Everyone has encountered grief at one point in their life at the very least. But despite being a shared emotion and experience, it’s often misunderstood. This is true especially at the context of mourning for a dying or deceased loved one. You may not be aware of it, but these misconceptions may be keeping you from expressing grief in a healthy manner.
Mourning Has a “Schedule”
A lot of people believe that the grief process only starts when death arrives. After all, the sense of loss kicks in precisely because of the loss. But the reality is the feeling of loss sometimes begins way before actual death, often at the news of a life-threatening illness and impending death. This is called anticipatory grief.
The thing though is since people aren’t too aware of this type of grief, it’s often not discussed, and so, people who experience this feel guilty about being at a sorrowful mode already. It’s normal to feel the loss even before death. But it’s important to keep yourself in check always, as this could quickly slide into depression and other mental health problems. Consider going to grief support homes in Indiana. You’ll be able to find empowerment in personal and group therapy sessions.
Being Busy Will Keep the Pain Away
It’s good to find an outlet for your emotions: keep your routine activities or pick up a new hobby. But know that these aren’t guaranteed protective barriers from pain. There will be times when it will shoot up and still overcome you, even years from your relative’s passing.
In some instances, people who didn’t have the time to fully grieve for their loved one’s death, because they had to be strong for other family members or they had to take care of the funeral or whatnot, experience incomplete grief. They don’t show pain at the time of the passing, only years later.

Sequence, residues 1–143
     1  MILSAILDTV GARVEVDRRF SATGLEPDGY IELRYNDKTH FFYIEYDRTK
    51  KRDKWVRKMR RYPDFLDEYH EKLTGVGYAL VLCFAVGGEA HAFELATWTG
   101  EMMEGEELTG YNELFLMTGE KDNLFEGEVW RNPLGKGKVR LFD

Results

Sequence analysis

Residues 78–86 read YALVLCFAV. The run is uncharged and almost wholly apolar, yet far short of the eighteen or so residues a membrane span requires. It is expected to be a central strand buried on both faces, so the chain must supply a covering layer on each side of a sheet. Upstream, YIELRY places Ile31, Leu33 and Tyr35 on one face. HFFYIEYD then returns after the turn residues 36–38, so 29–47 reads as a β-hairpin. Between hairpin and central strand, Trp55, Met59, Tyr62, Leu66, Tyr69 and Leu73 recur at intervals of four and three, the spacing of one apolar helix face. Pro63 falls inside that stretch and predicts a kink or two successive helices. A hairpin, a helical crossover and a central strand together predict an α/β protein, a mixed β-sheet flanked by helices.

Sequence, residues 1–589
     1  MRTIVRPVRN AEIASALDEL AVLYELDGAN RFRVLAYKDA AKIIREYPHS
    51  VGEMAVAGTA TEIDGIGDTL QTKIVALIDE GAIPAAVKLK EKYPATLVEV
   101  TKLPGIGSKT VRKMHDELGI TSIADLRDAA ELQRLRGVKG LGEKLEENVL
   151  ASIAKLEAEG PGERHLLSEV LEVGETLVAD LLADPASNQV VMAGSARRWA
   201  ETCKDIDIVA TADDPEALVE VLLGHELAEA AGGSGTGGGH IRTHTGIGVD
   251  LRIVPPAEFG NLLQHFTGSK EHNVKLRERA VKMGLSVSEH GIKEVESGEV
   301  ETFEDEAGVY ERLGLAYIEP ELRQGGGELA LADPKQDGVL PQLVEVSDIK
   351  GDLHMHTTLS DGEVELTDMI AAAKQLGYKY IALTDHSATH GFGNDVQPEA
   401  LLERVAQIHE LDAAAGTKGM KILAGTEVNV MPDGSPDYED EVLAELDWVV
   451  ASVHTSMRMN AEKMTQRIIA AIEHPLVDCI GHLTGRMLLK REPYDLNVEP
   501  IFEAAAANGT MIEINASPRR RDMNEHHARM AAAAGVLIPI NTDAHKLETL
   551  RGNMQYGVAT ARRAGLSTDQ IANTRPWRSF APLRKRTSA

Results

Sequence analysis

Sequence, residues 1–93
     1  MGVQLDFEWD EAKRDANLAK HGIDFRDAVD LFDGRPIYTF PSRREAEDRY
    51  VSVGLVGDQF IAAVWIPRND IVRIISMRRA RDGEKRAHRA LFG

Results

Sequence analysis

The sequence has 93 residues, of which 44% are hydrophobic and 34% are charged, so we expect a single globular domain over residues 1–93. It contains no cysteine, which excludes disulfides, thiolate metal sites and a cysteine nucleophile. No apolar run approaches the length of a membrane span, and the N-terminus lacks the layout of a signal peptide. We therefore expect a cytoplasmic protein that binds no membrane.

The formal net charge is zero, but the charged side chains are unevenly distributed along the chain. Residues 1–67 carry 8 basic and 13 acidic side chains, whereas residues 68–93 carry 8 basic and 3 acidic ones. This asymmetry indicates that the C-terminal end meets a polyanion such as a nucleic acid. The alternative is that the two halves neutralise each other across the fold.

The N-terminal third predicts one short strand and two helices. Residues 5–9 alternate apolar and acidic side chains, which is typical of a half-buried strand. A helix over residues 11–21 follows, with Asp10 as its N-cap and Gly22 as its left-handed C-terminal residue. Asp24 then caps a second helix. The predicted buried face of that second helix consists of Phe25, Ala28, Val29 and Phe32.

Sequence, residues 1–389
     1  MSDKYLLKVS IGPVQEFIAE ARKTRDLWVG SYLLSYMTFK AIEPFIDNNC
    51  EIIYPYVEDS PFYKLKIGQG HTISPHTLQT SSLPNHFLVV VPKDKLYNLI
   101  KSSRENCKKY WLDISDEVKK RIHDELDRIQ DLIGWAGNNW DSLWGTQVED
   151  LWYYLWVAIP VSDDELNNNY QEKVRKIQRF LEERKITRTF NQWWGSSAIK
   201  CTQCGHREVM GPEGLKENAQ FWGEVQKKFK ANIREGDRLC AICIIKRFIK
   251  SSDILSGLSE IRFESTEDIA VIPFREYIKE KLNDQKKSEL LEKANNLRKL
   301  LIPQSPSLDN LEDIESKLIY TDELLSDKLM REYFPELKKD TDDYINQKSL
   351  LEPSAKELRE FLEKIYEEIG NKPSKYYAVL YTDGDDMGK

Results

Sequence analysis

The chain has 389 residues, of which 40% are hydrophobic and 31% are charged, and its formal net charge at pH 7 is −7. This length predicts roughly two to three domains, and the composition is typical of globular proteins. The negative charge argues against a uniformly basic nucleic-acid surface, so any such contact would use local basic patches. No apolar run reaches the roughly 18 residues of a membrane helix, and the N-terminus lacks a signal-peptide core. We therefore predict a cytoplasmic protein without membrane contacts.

What all these mean is that in the same way that mourning has no “schedule,” it doesn’t have a deadline or timeline, too. And you also shouldn’t be hard on yourself for still grieving even if you’ve exhausted all options to keep yourself busy. Again, those aren’t guaranteed to keep the hurts away. Don’t be surprised when pain comes knocking at your door. You just have to be prepared to meet it. Of course, with the help of loved ones, therapists, and doctors.
Not Grieving Means Forgetting the Loved One
There will be good days, eventually. There will be moments when you can smile and laugh again. A lot of people who reach this grief milestone feel guilty though. They think that moving on with life means forgetting or dishonoring the deceased. But that’s just a myth. It’s not true, and it’s not beneficial in the healing process. Your love for your relative doesn’t diminish when you live life.
There are many ways to honor and remember your relative without punishing yourself. Some families gather at the birthday of their deceased and celebrate their life. Others sponsor a cause in the name of their loved one. It’s okay to be okay. And you want to strive to be okay for the sake of your physical and mental well-being.
There’s no linear way of grieving for someone’s death or illness. Every journey is unique. Get yourself a support group during this time so you can approach this life transition healthily.